Tamiya 1/48 F4U-1A Corsair






See Review


Parker Ewing


Kit has 'spinning prop and motor.


    When I first got into modeling about a year ago, I had a solid vision in my head on what I wanted my first diorama to look like. I've always enjoyed the Corsair and the South Pacific theater, so I set out to create them. It worked out fairly well, but as I improved my skills and eye for detail, glaring problems would emerge and bug me. Unwilling to construct another one, I opted to re-work this diorama three times with various improvements. When I finally replaced the Corsair, I felt it was finally complete.


    This is Tamiya's prop-spinning Corsair version. It's the exact model except for the motor included. To mark my one year anniversary in modeling, I decided to try my first kit surgery and ordered the Aires gun bay set, and an Eduard detail set which covered additions to the landing gear and cockpit. It was time to step into the big leagues, or so I thought. While waiting for them to arrive, I took a deep breath and cut out the vertical tail control surfaces. Using a razor blade and a scribing tool, it wasn't as hard as I thought, and I was off and running. Shep Paine had nothing on me.



    Starting with the cockpit, I sprayed everything Polly Scale US interior green. I painted certain consoles and the instrument panel black, and then began to pick out details with dry brushing and a toothpick. The dials were brushed in aluminum. While waiting for that to dry, I decided to try another first and undercoated every exterior piece in Alclad aluminum b/c I really wanted to try and chip the paint later. It smells awful, but man, what a nice finish it gives you. Once dry, I weathered the interior parts with a burnt umber wash and drybrushed a chipped paint look on everything applicable. I flat coated all the pieces and put some gloss drops into the dials. Once done, I finally started putting them all together. The cockpit looked great and I was rolling.

    However, my run at the pro's was about to come to a crashing halt. The motor fit in fine, but when I dry fit the cockpit, the fuselage wouldn't fit right. Something about the cockpit fit was wrong. I spent an hour filing edges, checking, and rechecking to no avail. Although it was close, I simply could not figure why it wouldn't fit. Frustrated, I finally committed an MCS (modelers cardinal sin) by going the I'm-going-to-make-it-fit route. It worked, and there were no gaps! But to my horror, there suddenly appeared a small crack in the side fuselage. After staring in disbelief for a minute, I rallied by figuring I could repair it and then cover with the large national insignia.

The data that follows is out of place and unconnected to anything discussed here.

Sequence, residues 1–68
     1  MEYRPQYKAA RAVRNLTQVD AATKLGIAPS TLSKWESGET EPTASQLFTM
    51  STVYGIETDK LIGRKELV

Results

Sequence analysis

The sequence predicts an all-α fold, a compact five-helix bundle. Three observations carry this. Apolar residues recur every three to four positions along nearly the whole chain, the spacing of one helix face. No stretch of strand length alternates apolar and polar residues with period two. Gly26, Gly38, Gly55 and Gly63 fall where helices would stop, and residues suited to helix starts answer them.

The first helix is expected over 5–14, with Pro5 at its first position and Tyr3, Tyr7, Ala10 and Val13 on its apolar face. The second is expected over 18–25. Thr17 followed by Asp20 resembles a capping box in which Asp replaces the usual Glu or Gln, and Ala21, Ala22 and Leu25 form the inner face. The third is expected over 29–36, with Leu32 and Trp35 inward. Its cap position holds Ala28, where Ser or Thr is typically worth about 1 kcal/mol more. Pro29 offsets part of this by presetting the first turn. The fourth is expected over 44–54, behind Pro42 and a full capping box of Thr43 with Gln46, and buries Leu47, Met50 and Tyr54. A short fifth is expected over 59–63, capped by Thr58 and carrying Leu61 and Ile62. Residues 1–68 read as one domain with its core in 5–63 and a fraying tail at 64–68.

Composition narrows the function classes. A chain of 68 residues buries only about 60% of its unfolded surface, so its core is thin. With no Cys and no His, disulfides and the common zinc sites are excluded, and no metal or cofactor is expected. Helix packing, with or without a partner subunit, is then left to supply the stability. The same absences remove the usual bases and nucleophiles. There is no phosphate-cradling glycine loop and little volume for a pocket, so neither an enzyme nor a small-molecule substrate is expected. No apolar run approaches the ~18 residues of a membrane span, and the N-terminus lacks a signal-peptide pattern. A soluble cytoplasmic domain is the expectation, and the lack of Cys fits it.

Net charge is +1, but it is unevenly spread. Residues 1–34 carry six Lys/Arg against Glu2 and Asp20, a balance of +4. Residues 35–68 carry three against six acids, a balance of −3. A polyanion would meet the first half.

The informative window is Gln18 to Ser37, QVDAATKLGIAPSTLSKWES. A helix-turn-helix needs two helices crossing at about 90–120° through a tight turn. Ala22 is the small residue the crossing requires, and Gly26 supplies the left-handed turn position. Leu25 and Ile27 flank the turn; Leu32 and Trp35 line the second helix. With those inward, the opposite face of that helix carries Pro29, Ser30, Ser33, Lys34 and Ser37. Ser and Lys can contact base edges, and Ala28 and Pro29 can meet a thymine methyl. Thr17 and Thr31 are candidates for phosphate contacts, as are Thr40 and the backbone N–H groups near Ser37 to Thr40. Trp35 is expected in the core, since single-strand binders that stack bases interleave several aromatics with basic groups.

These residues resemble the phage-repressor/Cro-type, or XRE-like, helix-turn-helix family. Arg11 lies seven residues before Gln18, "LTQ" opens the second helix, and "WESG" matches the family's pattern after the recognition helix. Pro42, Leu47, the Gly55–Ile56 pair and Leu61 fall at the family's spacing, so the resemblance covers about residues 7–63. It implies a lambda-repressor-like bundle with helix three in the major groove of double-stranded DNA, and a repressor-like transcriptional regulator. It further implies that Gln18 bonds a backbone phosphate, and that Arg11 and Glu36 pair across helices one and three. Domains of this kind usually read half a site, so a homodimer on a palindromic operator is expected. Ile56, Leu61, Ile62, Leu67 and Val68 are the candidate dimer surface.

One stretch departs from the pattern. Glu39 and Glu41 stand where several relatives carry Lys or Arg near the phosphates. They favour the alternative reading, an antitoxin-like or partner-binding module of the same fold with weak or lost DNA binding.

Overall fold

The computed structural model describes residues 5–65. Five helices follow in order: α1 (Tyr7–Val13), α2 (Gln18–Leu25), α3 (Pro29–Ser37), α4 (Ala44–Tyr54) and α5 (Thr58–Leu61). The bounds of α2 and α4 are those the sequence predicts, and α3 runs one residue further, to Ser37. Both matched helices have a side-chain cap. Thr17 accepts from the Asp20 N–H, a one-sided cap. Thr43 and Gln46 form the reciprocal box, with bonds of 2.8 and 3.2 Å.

With confidence somewhat shaken, I focused on the Aires gun set. My first opened gun was going to be cool. I busted out the razors, Dremel, and sanding pads, and went to town. But as I started cutting, I noticed the instructions were very vague. The drawing they gave  showing what to cut out didn't completely match the kit and installation procedures were virtually non-existent. I had done a good job of cutting the wing out, but the gun bays were way too thick to make the wing fit. Since the damn instructions were useless, I set out on my own with my trusty Dremel to try and figure it out. The short version is that I got it almost workable, but I was losing confidence and patience in the gun bay set rapidly. My gut said it wasn't going to work and/or look good. I sat back and took it all in.......I had a cracked fuselage, and a cut up wing I didn't like. I began to realize that Shep Paine didn't sweat me.  A peace overcame me.